5. I’d say I’m an underachiever, though, in all honesty, I can’t really recall having many dreams or goals, except for that one where I was going to be the first female Secretary of State. I guess Madeline Albright beat me to it anyway, and I failed on my first and only attempt at the Foreign Service Exam. I mean, could they really expect me to know much about Japanese art? I was never driven or built like that, and glad I’m not as it’s enabled me to go with the flow and, in the words of Steve Winwood, to “just roll with it, baby.” That means I’m nearly the complete and polar opposite of those performing arts students who were told, on the TV series “Fame”: “You’ve got big dreams, you want fame. Well fame costs, and right here is where you start paying; in sweat.” Yeah, I can’t really recall wanting anything that badly where I was willing to work that hard.

    1. I once considered myself an underachiever as well. It took me 43 years on this planet and a MS diagnosis to figure out what my passion. Maybe one day you’ll find yours.

  6. I have no doubt I’m an overachiever. I have no job, can’t write or make music, my body barely functions, but I reared five kids who are all successful people and gave a sixth up for adoption, who came back in my life when she was sixteen and has given me four beautiful grandkids. Lots of people consider me a failure (I can’t tell you the number who have said – not in precisely these words – if I had your life, I’d kill myself), but I wouldn’t trade my life for any of theirs. I’m off to India in a few hours. Overachiever? you bet!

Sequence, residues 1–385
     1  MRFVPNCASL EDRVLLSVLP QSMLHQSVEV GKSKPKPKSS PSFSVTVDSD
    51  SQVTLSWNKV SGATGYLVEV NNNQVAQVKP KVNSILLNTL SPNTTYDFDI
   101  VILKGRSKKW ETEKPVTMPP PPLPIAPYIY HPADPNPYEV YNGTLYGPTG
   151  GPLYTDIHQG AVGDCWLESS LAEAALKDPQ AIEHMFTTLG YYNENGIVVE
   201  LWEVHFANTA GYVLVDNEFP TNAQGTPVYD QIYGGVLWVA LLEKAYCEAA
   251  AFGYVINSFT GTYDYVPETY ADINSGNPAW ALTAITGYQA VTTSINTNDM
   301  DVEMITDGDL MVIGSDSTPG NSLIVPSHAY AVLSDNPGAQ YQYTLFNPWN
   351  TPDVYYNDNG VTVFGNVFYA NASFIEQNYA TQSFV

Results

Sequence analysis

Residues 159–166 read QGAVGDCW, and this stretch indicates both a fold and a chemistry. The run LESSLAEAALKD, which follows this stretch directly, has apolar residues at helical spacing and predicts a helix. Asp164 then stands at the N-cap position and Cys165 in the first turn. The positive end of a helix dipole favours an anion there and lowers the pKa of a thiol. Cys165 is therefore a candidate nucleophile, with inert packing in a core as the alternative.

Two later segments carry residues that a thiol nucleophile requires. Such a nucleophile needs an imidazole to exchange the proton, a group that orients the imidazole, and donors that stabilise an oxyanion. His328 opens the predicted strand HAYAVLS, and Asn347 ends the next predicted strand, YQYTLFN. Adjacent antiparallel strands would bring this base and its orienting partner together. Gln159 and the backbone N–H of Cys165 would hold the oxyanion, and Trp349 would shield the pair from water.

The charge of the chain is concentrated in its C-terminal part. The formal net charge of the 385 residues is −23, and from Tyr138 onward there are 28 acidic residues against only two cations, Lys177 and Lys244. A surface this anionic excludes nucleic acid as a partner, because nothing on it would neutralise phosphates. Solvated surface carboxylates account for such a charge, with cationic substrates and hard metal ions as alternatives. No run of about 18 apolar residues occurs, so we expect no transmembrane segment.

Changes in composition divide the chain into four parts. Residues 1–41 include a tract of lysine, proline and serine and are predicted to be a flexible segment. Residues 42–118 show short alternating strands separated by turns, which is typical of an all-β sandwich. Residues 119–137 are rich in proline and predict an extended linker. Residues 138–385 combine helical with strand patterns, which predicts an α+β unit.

7. Yeah, I like how you worded it…better than average. I think I fall squarely in that category. It annoys me the whole “think positive” movement. If that was all there was to it, there wouldn’t be any poor people in the world!

    1. All I can say about the think positive crowd is that my life is a lot better now that I focus on positives than it was a few years ago when I allowed myself to be more negative. Thinking positive is only the beginning. The other steps of thinking positive involve the work to accomplish goals.

  8. Dreams….A big lengthy term to explain..Nicely written…
    I heard a quote today……
    Do whatever you have to do Until You can do whatever you want to do….
    I think in the present moment I am an underachiever..But try my best to do everything My life wants from me…